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Docket No.: a0459-16
Decided: 2018-02-15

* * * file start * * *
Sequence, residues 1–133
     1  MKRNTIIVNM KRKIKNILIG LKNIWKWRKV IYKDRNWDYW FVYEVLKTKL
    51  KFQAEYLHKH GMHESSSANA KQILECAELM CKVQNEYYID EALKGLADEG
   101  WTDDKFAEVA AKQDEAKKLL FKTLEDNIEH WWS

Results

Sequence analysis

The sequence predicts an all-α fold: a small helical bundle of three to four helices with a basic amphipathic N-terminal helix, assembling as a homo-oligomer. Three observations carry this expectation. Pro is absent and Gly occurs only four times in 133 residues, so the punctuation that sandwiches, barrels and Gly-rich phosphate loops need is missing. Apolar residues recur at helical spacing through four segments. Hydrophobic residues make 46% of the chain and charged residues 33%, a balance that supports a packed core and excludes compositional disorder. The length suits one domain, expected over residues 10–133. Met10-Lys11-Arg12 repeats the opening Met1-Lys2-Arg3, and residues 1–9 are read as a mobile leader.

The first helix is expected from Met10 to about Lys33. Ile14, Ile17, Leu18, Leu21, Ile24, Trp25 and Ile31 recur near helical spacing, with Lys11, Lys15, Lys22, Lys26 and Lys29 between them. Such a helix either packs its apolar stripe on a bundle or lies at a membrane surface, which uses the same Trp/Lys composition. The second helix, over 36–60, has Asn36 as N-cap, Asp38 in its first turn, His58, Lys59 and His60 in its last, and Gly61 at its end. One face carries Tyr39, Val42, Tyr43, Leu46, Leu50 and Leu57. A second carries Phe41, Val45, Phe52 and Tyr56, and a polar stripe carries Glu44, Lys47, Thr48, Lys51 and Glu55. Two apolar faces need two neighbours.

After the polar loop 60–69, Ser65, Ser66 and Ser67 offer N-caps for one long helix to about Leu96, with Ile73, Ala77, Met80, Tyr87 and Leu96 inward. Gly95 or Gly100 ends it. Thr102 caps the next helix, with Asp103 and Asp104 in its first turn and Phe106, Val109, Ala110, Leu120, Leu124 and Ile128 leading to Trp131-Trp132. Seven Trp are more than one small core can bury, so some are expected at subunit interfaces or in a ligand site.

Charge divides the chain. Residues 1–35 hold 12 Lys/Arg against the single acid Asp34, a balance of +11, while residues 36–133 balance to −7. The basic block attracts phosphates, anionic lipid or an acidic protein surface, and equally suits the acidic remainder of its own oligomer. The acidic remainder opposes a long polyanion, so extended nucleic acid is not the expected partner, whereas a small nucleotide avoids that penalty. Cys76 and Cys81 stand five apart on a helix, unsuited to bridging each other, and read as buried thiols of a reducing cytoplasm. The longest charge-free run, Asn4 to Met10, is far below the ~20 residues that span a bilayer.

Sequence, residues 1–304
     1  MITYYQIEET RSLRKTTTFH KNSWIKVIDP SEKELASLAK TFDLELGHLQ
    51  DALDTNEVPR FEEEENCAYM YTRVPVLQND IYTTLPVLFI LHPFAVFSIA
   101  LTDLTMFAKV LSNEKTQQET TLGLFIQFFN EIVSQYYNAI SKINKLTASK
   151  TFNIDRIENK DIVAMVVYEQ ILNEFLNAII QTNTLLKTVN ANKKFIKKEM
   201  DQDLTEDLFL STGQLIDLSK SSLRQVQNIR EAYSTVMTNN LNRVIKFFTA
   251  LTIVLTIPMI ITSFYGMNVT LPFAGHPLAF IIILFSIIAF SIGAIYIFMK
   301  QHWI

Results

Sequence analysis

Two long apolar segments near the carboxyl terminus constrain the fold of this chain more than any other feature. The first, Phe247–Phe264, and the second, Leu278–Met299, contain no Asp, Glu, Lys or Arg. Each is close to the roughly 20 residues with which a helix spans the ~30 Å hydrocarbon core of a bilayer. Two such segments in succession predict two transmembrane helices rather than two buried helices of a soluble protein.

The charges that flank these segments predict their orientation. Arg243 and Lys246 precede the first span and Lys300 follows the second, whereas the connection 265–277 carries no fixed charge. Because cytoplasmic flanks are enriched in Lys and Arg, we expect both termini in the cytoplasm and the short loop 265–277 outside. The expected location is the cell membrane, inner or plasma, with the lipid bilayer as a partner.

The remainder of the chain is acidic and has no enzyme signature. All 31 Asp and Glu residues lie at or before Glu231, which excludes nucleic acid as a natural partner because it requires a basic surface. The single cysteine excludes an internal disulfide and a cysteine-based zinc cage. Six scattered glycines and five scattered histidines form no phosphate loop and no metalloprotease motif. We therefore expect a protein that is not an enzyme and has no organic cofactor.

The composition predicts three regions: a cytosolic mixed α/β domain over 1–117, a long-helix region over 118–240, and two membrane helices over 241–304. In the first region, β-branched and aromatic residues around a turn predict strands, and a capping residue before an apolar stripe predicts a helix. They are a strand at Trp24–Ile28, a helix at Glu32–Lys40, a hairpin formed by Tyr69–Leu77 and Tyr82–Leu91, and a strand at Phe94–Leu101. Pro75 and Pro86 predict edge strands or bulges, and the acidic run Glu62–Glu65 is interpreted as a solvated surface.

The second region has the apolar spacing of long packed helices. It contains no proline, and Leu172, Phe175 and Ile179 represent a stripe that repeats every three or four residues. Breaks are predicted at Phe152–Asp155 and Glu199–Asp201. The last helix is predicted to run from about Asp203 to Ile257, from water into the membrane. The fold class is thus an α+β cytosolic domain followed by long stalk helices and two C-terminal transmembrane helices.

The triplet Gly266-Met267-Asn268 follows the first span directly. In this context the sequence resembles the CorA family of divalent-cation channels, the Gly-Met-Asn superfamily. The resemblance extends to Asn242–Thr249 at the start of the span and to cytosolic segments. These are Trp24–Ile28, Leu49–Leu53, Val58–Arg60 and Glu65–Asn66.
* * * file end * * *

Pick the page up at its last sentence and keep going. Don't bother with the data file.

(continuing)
Caption: STATE OF NEW JERSEY v. RICARDO PEREZ
Status: unpublished
Summary: